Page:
84088 United States

Telephone: (801) 676-5506

Ascent Law LLC

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Estate Administration Law

Estate Administration Law

When a person dies, all of his or her possessions – real estate, money, stocks, personal belongings, etc. – become a part of his or her estate. This really isn’t a part of estate planning but it may be a part of probate law, if the person who passed away didn’t leave a will or a trust.

Estate administration refers to the process of collecting and managing the estate, paying any debts and taxes, and distributing the remaining property to the heirs of the estate. The heirs of an estate are determined by will, and if there isn’t a will, by the intestacy (which means dying without a will) laws of each state.

What Is the Process for Administering an Estate?

Put simply, estate administration is collecting, managing, and distributing a deceased person’s estate. Each state has its own probate laws, which govern the requirements and process for administering an estate. In some cases, an estate may need to be administered in more than one state. Generally, the state in which the person lived in at the time of death is where the estate goes through probate. However, real estate is governed by state law, so real estate in another state might have to be probated in that state. Several states have adopted a version of the Uniform Probate Code, which is designed to simplify the estate administration process and provide similarity among probate laws from state to state.

The Duties of an Executor

The executor is responsible for locating and collecting all of the deceased’s property, making sure any debts and taxes are paid off, and distributing the remaining property and money to the entitled parties. Although anyone can be an executor, the executor must perform with diligence and in good faith. Usually the executor is designated in a will. If the deceased didn’t leave a will, an administrator is appointed by the probate court. If the probate process is complicated, the executor is entitled to hire an attorney – at the expense of the estate – to help him or her with the process. While the executor is not entitled to any proceeds from the sale of property of the estate, generally he or she is entitled to a fee as compensation for administering the estate.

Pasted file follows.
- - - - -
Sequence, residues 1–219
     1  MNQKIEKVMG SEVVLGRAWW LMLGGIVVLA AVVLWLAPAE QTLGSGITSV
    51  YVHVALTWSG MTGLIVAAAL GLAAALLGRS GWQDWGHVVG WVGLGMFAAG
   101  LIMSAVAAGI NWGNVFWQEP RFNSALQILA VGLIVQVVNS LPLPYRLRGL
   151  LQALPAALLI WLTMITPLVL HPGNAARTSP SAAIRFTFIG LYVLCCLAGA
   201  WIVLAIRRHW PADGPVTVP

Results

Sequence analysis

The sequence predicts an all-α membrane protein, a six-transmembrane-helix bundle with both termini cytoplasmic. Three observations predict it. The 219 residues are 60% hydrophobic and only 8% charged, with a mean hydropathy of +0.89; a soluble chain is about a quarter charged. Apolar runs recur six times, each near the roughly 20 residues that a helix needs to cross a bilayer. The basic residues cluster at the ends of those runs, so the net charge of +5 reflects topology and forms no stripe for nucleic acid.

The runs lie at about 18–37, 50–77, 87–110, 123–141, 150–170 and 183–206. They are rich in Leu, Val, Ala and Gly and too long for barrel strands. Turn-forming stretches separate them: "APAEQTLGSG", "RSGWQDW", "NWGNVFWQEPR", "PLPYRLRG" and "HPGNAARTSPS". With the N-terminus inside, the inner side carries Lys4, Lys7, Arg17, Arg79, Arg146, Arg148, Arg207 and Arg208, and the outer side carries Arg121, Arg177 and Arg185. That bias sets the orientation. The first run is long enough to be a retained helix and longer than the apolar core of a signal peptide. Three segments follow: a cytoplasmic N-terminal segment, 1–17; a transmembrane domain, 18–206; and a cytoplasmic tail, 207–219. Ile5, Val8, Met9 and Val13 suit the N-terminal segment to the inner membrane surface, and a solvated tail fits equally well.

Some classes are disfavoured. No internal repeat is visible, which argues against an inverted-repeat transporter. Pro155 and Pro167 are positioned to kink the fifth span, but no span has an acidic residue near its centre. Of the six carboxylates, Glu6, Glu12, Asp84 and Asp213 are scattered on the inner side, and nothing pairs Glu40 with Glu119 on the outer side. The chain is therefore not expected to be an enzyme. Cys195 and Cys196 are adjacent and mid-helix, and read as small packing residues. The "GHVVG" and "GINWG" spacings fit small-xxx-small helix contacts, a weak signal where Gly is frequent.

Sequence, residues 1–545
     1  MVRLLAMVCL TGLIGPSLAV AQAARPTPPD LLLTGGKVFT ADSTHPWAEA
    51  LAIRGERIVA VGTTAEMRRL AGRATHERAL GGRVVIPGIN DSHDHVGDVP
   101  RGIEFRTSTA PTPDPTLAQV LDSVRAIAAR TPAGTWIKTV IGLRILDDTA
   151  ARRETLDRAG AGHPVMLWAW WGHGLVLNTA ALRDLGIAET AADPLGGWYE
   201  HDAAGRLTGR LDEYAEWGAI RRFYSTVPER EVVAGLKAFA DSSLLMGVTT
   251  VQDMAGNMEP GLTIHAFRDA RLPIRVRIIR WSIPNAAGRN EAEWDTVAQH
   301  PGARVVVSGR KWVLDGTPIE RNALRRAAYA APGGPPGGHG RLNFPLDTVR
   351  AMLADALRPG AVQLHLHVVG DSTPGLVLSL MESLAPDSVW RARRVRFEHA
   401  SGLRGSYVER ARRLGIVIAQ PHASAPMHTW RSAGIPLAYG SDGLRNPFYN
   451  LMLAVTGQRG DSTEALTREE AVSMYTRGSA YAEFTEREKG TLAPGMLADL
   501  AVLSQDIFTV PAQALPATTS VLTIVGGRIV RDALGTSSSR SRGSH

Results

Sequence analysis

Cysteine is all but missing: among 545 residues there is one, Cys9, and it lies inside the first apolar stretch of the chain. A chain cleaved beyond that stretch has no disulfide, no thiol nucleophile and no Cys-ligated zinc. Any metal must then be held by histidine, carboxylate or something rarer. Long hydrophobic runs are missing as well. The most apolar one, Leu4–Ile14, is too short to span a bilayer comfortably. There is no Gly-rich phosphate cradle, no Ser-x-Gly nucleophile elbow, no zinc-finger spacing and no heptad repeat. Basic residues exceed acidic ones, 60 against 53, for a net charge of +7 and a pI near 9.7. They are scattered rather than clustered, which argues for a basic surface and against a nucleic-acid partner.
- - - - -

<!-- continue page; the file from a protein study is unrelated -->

Who Is Responsible for a Deceased Person’s Debts?

Generally speaking, once a person dies, his or her debts are paid off from his or her estate, and if there isn’t enough money to repay the debt, the debt dies with the person. Relatives or beneficiaries of the will are usually not responsible to pay the deceased person’s debts. However, if the relative or beneficiary owned part of the debt or received substantial benefits from the debt, he or she would be responsible for repaying the debt. For example, credit card debt belongs to the account holder. If, however, a relative co-signed on a loan or the credit card was from a joint account, the co-signor or other account holder would have to pay the debt. It’s important to note that in community property states – where property acquired during marriage is considered jointly owned – the surviving spouse may be liable for the debt.

Hiring an Attorney

If you’re in charge of administering an estate and have questions about it, you may want consult with an estate planning attorney. It would also be a good idea to contact an estate planning attorney if you have questions or concerns regarding the debt left by a person who has passed away.

Free Consultation with a Utah Estate Lawyer

If you are here, you probably have an estate issue you need help with. Whether you need to probate an estate, do your own estate planning, or administer a trust, call Ascent Law for your free estate law consultation (801) 676-5506. We want to help you.

Michael R. Anderson, JD

Ascent Law LLC
8833 S. Redwood Road, Suite C
West Jordan, Utah
84088 United States

Telephone: (801) 676-5506

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4.9 stars – based on 67 reviews